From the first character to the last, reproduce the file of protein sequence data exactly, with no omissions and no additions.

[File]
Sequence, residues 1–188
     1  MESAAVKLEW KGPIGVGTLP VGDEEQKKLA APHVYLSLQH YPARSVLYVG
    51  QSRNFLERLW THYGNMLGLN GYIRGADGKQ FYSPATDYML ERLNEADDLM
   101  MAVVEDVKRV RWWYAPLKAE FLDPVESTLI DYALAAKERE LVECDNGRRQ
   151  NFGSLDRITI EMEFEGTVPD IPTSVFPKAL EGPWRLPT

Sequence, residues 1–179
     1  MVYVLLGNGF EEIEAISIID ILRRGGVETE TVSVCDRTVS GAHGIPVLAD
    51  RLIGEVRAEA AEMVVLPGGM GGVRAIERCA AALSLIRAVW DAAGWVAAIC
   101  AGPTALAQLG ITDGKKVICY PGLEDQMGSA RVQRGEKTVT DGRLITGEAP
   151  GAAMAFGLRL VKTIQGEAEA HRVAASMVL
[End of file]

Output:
Sequence, residues 1–188
     1  MESAAVKLEW KGPIGVGTLP VGDEEQKKLA APHVYLSLQH YPARSVLYVG
    51  QSRNFLERLW THYGNMLGLN GYIRGADGKQ FYSPATDYML ERLNEADDLM
   101  MAVVEDVKRV RWWYAPLKAE FLDPVESTLI DYALAAKERE LVECDNGRRQ
   151  NFGSLDRITI EMEFEGTVPD IPTSVFPKAL EGPWRLPT

Sequence, residues 1–179
     1  MVYVLLGNGF EEIEAISIID ILRRGGVETE TVSVCDRTVS GAHGIPVLAD
    51  RLIGEVRAEA AEMVVLPGGM GGVRAIERCA AALSLIRAVW DAAGWVAAIC
   101  AGPTALAQLG ITDGKKVICY PGLEDQMGSA RVQRGEKTVT DGRLITGEAP
   151  GAAMAFGLRL VKTIQGEAEA HRVAASMVL